LED stands for light-emitting diode, i.e., two electrodes are attached to produce electricity, which is made up of semiconductors. The anode and cathode are the two electrodes in which the flow of electrons takes place from the anode to the cathode. This flow of electrons from one electrode to another in a definite direction on getting attached to a source generates the light energy, which we see as the illumination of the LED lights.
How are LEDs manufactured?
LED manufacture is a sensitive and complicated process, but we’ll try our best to summarise it. To begin, the semiconductor material must be created. The semiconductor wafer is what it’s called. In a high-temperature, high-pressure chamber, the semiconductor material is “grown.”After the ingredients have been combined, a rod is inserted into the solution and gently withdrawn. As the rod is dragged out, the solution crystallises on the end, forming a long, cylindrical crystal ingot.
This material is then cut into semiconductor wafers and sanded down until the surface is smooth, similar to how you would sand down a table. After that, it’s immersed into a mixture of solvents for a thorough cleaning to remove any dirt, organic or dust material.
More layers of semiconductor material are added to the wafer in the following phase of the process. Impurities, or dopents, can be added in this fashion.
On the semiconductor, metal connections are then defined. This is chosen at the design stage and considers whether the diode will be used alone or in conjunction with others.
Finally, the diodes are installed on the proper package, wires are connected, and the entire assembly is wrapped in plastic. This is how LEDs are created!
This is how LED lights manufacturers produce LED lights. No harmful substance or chemical is used in the manufacturing process of the LED lights.
Be it hospitality lighting manufacturers or LED manufacturers of any industry, though there remains a difference in the design of light, the manufacturers make sure to mitigate environmental damage to every extent possible.
LED lights are sustainably manufactured as the materials used to manufacture LED lights are all recyclable and can be used again in some or the other way. Even disposing of these lights is really easy. Disposing it off doesn’t require any special arrangements as they do not contain chemicals like mercury which is found in other kinds of lighting.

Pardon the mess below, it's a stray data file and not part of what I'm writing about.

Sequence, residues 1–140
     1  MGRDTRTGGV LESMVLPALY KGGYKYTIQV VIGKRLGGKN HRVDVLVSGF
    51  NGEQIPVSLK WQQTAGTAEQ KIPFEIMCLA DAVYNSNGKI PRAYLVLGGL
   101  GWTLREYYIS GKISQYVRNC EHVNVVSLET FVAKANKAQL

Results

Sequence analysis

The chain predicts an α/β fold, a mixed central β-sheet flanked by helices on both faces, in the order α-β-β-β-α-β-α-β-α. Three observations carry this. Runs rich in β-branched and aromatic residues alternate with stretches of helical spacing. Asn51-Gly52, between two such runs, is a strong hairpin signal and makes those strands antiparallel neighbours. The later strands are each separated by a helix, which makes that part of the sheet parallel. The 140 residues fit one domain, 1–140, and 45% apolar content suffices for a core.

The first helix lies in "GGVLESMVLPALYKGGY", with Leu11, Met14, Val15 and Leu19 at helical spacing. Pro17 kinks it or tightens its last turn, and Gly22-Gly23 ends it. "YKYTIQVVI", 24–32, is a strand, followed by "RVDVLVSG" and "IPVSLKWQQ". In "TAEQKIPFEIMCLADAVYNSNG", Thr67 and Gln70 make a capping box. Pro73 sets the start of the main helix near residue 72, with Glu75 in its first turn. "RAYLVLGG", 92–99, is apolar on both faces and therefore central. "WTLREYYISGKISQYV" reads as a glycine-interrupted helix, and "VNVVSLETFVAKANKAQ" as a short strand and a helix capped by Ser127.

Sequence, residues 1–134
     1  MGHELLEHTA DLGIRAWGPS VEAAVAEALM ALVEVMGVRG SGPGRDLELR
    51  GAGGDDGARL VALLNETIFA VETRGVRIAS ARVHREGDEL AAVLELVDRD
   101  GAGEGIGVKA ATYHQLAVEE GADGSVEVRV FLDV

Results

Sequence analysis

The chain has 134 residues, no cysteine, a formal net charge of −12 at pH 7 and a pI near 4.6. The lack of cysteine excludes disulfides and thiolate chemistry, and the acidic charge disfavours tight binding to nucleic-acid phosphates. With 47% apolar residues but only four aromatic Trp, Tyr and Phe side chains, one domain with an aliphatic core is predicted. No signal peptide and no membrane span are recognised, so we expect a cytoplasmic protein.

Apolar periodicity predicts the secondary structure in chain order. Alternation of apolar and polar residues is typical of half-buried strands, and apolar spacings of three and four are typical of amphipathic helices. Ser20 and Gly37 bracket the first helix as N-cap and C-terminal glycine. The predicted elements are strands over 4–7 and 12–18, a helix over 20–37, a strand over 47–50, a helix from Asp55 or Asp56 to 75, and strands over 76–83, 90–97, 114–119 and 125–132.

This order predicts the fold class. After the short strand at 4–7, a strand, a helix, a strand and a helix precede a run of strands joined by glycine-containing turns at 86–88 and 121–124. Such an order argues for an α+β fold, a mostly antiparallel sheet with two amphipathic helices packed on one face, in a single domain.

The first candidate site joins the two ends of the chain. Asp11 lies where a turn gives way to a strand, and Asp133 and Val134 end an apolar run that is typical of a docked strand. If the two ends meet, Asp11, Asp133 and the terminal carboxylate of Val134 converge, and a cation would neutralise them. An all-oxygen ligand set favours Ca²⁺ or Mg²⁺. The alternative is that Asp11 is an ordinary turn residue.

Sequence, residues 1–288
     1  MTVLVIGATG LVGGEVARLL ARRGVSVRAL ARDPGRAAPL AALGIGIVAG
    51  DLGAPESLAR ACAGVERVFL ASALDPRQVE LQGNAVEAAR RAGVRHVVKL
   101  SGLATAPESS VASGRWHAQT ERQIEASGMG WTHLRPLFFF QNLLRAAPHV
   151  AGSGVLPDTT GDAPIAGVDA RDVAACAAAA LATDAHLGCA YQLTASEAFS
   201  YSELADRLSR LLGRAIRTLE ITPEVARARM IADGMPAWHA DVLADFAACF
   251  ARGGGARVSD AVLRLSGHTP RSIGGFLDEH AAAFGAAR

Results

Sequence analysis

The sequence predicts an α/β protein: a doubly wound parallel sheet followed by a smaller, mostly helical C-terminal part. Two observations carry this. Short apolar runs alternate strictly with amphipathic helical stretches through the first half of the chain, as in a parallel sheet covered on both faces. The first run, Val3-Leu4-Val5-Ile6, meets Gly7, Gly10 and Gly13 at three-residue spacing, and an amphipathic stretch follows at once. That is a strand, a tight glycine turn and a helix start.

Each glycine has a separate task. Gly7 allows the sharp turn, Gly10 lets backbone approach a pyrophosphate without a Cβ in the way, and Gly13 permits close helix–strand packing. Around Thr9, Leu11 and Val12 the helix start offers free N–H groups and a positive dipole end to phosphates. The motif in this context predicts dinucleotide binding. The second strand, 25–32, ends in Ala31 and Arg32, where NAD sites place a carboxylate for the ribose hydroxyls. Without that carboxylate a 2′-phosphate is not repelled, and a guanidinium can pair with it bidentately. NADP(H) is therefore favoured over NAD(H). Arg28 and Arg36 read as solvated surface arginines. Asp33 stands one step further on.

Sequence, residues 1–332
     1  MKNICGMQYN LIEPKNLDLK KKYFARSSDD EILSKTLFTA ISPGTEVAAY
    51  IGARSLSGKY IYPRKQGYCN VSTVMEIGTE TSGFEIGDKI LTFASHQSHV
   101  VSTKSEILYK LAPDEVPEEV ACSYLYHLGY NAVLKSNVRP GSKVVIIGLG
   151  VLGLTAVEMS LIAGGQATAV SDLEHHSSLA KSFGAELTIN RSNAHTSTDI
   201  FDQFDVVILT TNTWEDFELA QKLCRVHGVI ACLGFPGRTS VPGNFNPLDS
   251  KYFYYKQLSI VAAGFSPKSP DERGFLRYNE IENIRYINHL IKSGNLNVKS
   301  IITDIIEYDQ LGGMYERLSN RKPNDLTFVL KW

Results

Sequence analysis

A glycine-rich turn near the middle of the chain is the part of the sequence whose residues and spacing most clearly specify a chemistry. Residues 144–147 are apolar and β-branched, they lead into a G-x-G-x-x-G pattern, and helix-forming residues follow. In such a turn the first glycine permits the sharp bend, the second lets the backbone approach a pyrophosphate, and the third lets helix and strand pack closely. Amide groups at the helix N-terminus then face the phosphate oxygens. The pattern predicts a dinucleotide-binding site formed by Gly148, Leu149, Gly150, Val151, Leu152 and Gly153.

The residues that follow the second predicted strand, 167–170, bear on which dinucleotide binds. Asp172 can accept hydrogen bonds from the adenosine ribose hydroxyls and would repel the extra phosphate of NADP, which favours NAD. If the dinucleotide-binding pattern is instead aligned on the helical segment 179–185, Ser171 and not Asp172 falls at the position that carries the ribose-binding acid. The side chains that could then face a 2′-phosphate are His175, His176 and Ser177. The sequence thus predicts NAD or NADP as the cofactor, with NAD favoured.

Benefits of LED lights for the environment
● Lifespan –
In comparison to CFLs and other lights, LED lights have a very long life. They can work for years without any maintenance or change in batteries. It lives for 2-4 times more than traditional lighting.
● Energy efficiency –
Its energy efficiency is another reason for choosing it above other lights. They use very little power. Depending upon which type of LED light we are using and how much is its power consumption, up to 90% of energy can be saved.
● No toxicity –
Unlike fluorescent lights, which contain mercury, LED lights do not have any such toxic chemicals in them and of which, even on disposal, they do not harm the environment, which is not the case with other conventional lighting.
● Focussed energy –
LED produces focussed light in one direction instead of wasting light energy by producing light in all directions even where it is not needed.
● Less number –
Since LED produces focussed light, it gives light in one particular direction which leads to more brightness in the needed area. So, it means that with fewer LEDs, we can get just similar or more brightness than we get from more bulbs. Less number of bulbs also results in less energy consumption which is beneficial for the environment.
● Low carbon dioxide release –
Since LED lights consume less power, the emission of harmful gases like carbon dioxide is very less, which in turn reduces the greenhouse emission. So each and every LED which is used reduces the emission of greenhouse gases by around half a ton.
● No overheating –
The chances of LEDs getting overheated are very less as much of the electrical energy is converted into light energy and not just dissipated into heat energy, unlike incandescent lights where 90% of the electrical energy is converted into heat energy making the light source incredibly hot, and 10% is converted into light energy which makes it less energy efficient. Due to less heating, the cooling cost also becomes less, which is yet another added benefit.